At a barbecue recently I asked a friend how she was doing.   She opted for the standard response and declared “Fine.”   She then turned to the chip bowl, sought out the perfect chip and plunged it into the green chili dip.    As she began to munch I asked, “Are you lying to me?”

It did not take an extraordinary mental leap to know the answer.  Her daughter had unexpectedly died less than two months before and no parent is ever again “fine” after the death of a child.   As she finished her bite and stared blankly at me, I berated myself for asking such a stupid question.   I wasn’t thinking when I asked the question and had fallen victim to a lack of imagination and awareness when I opted for the standard conversation opener.   I watched as she deliberated the many potential responses to the question until finally her shoulders relaxed a bit and she conceded “I’m not doing very well at all.”

That brief preamble served to pave the way for a heartfelt conversation and it also served as a reminder.  It was a reminder that there are times in our lives when we walk through our days as imposters.   Whether for personal or professional reasons, we force ourselves to move forward and act as if everything is fine and under control.  Those times when we put on the “I got it!” mask, apply a protective veneer about our souls and spirits and move ahead fully aware that in fact, nothing is fine or under control.   When we know that it would take only the slightest of winds to tear apart the pieces of our lives that are so tenuously held together.

It has taken time for me to finally appreciate that there is nothing wrong with periodically living life as an imposter.  Moreover, that there are times when we really don’t have a choice in the matter.  We are forced to “act as if” because if we don’t, we might stall out.  If we don’t, we might never quite make it back on board this life that is roaring by like an out-of-control train.  Sometimes we just have to “fake it ‘til we make it.”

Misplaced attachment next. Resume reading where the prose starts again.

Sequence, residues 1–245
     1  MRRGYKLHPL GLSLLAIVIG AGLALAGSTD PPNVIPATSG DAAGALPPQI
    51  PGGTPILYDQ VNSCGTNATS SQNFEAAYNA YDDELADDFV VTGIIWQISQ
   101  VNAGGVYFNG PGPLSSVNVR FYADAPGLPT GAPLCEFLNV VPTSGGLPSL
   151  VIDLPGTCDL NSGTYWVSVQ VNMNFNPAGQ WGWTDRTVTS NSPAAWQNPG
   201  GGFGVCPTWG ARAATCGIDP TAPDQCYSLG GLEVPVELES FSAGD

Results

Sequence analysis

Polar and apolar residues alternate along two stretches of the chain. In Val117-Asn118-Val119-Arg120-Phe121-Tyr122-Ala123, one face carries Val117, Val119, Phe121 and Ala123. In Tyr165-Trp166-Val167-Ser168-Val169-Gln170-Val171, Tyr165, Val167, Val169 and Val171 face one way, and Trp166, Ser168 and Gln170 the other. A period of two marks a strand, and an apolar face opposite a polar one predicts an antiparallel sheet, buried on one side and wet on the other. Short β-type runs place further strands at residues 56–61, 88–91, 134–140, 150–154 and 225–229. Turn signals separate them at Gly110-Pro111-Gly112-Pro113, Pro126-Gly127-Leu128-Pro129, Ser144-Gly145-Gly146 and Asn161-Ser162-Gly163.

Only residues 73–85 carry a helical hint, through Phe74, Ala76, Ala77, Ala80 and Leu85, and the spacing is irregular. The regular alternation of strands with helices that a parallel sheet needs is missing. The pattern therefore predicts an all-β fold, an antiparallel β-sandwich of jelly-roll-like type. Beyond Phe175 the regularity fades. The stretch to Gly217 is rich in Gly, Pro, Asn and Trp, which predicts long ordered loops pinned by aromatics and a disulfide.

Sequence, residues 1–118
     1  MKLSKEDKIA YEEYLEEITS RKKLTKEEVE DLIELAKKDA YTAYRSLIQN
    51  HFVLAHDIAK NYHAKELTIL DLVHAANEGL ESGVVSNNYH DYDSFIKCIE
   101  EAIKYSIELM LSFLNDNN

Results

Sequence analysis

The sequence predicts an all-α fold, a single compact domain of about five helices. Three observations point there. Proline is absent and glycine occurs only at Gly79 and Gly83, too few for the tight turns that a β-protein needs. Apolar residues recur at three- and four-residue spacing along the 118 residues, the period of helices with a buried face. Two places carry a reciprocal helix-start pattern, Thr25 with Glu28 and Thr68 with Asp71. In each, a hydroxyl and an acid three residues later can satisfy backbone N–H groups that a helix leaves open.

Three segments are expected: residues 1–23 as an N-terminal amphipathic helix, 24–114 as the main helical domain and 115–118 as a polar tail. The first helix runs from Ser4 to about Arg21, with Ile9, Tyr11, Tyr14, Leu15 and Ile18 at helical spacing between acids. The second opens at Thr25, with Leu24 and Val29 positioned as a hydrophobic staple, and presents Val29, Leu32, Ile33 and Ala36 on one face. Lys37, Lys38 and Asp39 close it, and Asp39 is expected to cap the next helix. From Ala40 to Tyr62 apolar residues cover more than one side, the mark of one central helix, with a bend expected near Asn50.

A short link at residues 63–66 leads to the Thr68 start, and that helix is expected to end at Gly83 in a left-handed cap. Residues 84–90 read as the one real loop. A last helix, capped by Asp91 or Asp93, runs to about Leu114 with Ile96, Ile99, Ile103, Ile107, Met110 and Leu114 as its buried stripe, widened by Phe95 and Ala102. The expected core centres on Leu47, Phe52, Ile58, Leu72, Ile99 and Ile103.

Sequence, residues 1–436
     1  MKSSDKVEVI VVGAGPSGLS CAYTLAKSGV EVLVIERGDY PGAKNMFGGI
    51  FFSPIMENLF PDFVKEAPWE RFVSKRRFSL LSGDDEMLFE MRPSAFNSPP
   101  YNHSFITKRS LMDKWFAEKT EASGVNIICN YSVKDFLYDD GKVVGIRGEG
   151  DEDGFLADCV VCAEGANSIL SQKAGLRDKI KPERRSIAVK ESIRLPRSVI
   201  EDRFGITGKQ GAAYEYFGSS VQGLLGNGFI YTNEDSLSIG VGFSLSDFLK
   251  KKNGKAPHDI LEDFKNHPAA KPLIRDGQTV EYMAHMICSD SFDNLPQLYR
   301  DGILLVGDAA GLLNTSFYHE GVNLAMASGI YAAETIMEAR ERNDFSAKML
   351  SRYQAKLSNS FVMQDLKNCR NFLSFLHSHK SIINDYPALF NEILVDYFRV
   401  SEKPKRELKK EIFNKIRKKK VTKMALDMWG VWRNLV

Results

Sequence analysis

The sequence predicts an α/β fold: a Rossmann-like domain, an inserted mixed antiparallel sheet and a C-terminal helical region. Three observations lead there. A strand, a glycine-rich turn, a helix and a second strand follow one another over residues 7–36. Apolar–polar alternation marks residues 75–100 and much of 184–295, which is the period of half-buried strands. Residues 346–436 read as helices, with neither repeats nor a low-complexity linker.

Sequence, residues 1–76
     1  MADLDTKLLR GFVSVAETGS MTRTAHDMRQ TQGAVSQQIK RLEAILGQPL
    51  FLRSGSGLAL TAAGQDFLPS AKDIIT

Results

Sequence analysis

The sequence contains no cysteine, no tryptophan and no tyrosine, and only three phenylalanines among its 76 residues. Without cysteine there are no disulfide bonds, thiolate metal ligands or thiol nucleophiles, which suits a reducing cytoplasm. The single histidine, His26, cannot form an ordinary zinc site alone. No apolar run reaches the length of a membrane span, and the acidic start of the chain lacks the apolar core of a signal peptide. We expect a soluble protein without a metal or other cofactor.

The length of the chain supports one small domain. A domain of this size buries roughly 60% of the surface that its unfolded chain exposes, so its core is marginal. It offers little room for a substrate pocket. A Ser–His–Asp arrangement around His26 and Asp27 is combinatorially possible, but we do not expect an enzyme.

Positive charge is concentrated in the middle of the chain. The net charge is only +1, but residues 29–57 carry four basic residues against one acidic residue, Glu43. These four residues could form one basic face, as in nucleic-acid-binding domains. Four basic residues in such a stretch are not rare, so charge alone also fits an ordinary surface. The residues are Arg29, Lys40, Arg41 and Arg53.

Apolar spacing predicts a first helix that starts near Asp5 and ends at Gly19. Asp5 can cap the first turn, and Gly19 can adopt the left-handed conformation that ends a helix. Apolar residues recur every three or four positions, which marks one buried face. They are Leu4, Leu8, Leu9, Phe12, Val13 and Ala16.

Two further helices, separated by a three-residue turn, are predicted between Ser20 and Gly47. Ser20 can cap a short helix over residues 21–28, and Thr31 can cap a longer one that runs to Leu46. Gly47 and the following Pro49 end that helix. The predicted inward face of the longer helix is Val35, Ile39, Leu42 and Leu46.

I distinctly remember that flash of clarity when I realized that I was not the only imposter in this world.  I was eating lunch outside in Chicago’s infamous Triangle neighborhood and had just confessed to a buddy that I really didn’t know what I was doing or where I was going but I was going to continue doing what I was doing until I figured it out.   Without a beat of hesitation, my buddy laughed and said “But Catherine, we are all imposters at some point.”   I then looked around and saw all the imposters around us.   Everywhere I looked were people walking around, having lunch, enjoying the weather and acting as if everything was under their control.  On the outside they embodied that enviable combination of great self-confidence, limitless joy and being far more than just fine.   Then I looked more closely.  And just there, under the veneers that had been applied, were their many fears, doubts, and insecurities seeping through the cracks.   I sat back in my chair and felt an incredible sense of comfort and relief: I was not the only imposter roaming in this world.

Sometimes I still forget and have to be reminded that we are all imposters at some point or another.  It is just what is required at times, especially when we need that extra oomph to move us along our path.   Whether accepting a new position, raising children, surviving loss, falling in love, or doing something scary.  Whenever we invest in life and follow our passions, these are the very circumstances which require, at some level, the conviction of an imposter.   After we gain our ground and get to that place where the circumstance feels familiar, it is then possible to transition out of our imposter state and into our chameleon state.

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